Schizophrenia can be a frightening experience on its own. Unfortunately, it’s often misunderstood, in part due to sensational stories in the news and other media. Some people assume that people who experience schizophrenia are dangerous or believe that people who experience schizophrenia should be treated without respect for their rights and dignity. These public perceptions can leave people scared to talk about their experiences and seek help. The truth is that many people learn how to manage schizophrenia with the right tools and supports. It’s time to learn the facts about schizophrenia and see it for what it is: a treatable illness.

What is it?

Schizophrenia is a mental illness. It causes people to lose touch with reality and sometimes makes it difficult for them to think and speak in an organized way. (This loss of touch with reality is called psychosis. Psychosis is a part of schizophrenia, but may also be seen on its own. For more on psychosis, see “a look at the terms” below.) It isn’t known exactly what causes schizophrenia, but it’s likely a combination of several factors, such as the way your body works, your family history, your environment, and your life experiences.

Schizophrenia myths and facts

  • Schizophrenia is not caused by bad parenting, childhood trauma, poverty, street drugs or alcohol
  • Schizophrenia is not contagious
  • Schizophrenia is very different from dissociative disorder (what used to be called split or multiple personality disorder)
  • Schizophrenia is no one’s fault
  • People who experience schizophrenia have a higher risk of suicide. In one study, 20-40% of people with schizophrenia attempted suicide and 5% of people with schizophrenia completed suicide,  so all talk of suicide should be taken seriously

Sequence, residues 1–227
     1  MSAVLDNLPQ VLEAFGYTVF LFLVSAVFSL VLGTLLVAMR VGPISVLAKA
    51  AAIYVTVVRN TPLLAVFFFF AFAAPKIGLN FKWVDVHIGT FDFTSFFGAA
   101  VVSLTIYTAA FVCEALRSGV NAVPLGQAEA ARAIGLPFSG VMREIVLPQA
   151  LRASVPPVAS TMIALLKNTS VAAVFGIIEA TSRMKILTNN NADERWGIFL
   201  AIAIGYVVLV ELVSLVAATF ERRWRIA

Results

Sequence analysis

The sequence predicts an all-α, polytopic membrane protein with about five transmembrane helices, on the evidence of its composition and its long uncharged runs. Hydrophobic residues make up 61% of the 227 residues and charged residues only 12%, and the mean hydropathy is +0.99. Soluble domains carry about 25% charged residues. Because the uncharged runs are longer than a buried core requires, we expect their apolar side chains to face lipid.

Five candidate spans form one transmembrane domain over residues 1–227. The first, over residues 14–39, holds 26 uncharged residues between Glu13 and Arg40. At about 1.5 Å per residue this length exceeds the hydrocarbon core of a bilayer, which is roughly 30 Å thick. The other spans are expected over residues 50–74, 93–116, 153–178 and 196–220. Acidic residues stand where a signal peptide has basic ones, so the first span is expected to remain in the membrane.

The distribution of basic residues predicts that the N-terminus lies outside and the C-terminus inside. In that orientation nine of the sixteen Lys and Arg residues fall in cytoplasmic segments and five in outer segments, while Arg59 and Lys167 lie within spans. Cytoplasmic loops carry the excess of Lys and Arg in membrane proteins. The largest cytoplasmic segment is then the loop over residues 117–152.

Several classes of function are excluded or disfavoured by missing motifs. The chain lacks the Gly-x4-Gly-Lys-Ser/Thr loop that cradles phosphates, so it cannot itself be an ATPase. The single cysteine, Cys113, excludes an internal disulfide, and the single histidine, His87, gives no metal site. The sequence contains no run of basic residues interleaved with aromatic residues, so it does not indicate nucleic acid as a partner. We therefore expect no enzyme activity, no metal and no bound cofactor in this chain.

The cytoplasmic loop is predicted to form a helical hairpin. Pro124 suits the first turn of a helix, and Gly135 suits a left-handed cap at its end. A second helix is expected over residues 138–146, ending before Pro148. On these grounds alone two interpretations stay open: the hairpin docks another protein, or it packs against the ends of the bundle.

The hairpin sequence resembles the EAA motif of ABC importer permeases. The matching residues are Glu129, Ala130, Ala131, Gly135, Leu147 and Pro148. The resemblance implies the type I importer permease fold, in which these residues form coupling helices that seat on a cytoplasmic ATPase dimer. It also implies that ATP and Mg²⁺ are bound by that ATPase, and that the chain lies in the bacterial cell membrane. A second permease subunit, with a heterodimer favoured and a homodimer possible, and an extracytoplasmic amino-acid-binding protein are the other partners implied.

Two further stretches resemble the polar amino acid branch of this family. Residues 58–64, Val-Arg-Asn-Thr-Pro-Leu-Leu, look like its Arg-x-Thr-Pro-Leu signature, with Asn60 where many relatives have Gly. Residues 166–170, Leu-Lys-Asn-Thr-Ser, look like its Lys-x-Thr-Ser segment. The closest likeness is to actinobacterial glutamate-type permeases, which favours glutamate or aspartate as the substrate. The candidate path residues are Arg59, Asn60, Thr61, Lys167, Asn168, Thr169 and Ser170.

Who does it affect?

Schizophrenia affects about 1% of Canadians—that’s about 40,000 people in British Columbia. While scientists are still working hard to figure out what causes schizophrenia, we do know that it affects:
  • Young people: Schizophrenia usually first shows up between the ages of 18 and 25 in men and between 25 and 35 in women.
  • Men and women: Schizophrenia affects men and women equally as often. Men usually start to experience symptoms at an earlier age than women.
  • Families: Schizophrenia seems to run in families. If a close family member (like a parent or sibling) experiences schizophrenia, you may experience an increased risk of schizophrenia. However, it’s important to remember that there is much more to schizophrenia than your genes—genes are one of several risk factors.

Could I have schizophrenia?

While schizophrenia looks different from person to person, it always causes changes in your abilities and personality. Because it is so different in each person, you may experience some or all of the symptoms below.
  • I’m hearing voices other people tell me they can’t hear
  • I’m seeing things that other people tell me they can’t see
  • My thoughts take a long time to form, come too fast together, or don’t form at all
  • I’m convinced I’m being followed
  • I feel immune to any kind of danger; I believe I can save the world
  • I sometimes feel like I’m not actually in my body, that I’m floating
  • I used to like being around other people, but now I’d rather just be by myself
  • I want to end my life or harm myself
  • I’m having trouble remembering things, concentrating and making decisions
  • I’m getting confused easily